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  1. Weaver, Christopher S. MD, MBA
  2. Myers, Isaac J. II MD
  3. Huffman, Gretchen EMT-P, RN, MBA
  4. Vohito, Rancia RN, BSN
  5. Herceg, Dorian BS


Purpose of the Study: With the undocumented immigrant population in the United States on the rise, an increase in the number of patients with end-stage renal disease without access to a regular dialysis chair continues. This leaves hospital systems with the difficult decision of how best to care for this population. We sought to evaluate the feasibility, effectiveness, and costs of a case manager-driven emergent dialysis program. We hypothesized that this program would be feasible and would result in similar costs as the previous regularly scheduled dialysis program in place at our institution.


Primary Practice Setting: The study was conducted at Wishard Memorial Hospital, which is an urban public hospital in Indianapolis, IN.


Methodology and Sample: We performed a before (March 11, 2010, to June 11, 2010) and after (June 14, 2010, to September 14, 2010) study to compare the treatment of a 6-patient cohort of dialysis patients without a "dialysis home" before and after the case manager-driven emergent dialysis program, using secondary data.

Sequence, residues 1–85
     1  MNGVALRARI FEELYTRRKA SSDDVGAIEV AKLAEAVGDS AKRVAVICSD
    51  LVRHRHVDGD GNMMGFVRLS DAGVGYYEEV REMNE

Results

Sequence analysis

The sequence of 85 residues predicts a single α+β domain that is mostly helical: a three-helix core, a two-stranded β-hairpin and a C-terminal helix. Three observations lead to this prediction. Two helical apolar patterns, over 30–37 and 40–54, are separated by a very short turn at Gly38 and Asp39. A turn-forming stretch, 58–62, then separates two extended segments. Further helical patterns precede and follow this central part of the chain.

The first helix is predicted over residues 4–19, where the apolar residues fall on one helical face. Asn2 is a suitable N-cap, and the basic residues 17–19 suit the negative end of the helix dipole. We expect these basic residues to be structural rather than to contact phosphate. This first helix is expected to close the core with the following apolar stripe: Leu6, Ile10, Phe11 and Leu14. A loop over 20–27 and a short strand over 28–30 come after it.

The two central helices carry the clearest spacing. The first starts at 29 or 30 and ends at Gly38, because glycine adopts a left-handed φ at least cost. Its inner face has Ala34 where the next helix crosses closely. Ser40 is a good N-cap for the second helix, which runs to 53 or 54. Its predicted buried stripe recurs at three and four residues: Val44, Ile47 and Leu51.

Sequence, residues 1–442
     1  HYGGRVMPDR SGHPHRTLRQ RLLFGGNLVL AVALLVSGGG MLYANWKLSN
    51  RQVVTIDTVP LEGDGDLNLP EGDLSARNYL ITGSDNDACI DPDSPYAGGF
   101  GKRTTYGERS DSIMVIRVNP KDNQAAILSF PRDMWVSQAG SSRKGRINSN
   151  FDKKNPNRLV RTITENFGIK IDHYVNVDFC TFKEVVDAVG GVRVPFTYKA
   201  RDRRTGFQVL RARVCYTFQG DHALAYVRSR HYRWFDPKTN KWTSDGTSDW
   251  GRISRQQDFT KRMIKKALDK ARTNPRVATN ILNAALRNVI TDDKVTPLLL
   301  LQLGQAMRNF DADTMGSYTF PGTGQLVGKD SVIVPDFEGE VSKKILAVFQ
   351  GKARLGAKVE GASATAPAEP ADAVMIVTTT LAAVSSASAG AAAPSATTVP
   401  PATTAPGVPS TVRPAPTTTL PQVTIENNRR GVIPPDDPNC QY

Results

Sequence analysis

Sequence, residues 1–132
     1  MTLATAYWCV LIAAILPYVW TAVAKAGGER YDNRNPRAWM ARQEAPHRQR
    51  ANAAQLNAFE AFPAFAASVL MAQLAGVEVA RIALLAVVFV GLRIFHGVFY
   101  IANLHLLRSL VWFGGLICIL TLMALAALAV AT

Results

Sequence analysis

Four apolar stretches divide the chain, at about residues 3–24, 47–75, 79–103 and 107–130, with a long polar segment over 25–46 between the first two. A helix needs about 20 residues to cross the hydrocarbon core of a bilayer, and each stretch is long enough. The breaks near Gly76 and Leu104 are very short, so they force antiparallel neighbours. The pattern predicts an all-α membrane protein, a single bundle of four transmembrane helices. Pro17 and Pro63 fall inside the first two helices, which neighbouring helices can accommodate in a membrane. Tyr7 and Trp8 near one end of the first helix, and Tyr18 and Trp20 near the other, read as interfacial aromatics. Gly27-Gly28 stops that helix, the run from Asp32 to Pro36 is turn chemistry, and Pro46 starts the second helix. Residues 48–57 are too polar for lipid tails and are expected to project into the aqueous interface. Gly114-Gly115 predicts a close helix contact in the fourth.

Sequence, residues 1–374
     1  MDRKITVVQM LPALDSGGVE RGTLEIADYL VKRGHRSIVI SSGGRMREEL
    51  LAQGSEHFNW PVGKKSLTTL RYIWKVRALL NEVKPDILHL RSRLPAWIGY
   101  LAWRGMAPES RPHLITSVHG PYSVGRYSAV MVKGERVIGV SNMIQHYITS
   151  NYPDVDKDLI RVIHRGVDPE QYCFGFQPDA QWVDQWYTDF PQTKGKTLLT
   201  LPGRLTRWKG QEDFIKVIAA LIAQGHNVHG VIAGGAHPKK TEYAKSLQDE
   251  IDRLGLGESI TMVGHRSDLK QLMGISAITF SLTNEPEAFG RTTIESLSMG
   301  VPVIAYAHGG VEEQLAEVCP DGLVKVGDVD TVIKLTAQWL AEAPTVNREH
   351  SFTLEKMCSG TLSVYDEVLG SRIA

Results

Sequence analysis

Results: The case manager-driven emergent dialysis process was feasible and led to a total expense of $101,802 as compared with a total cost of $122,890 when providing regular dialysis to this subset of patients. There were no differences in intensive care unit days, length of stay, and complications between the 2 groups in the short study period.


Implications for Case Management Practice: The dialysis population without a "dialysis home" is a high-risk population in need of intensive medical care but the approach to these patients continues to be debated. Although this study does not prove or necessarily support a dialysis on "emergent" basis approach over chronic, scheduled dialysis, the study does demonstrate that case management can play a significant role in the care of these patients. Case management oversight and management of our patient population resulted in costs equal to, or better than, those who received chronic dialysis care without a difference in complications over a 6-month study period.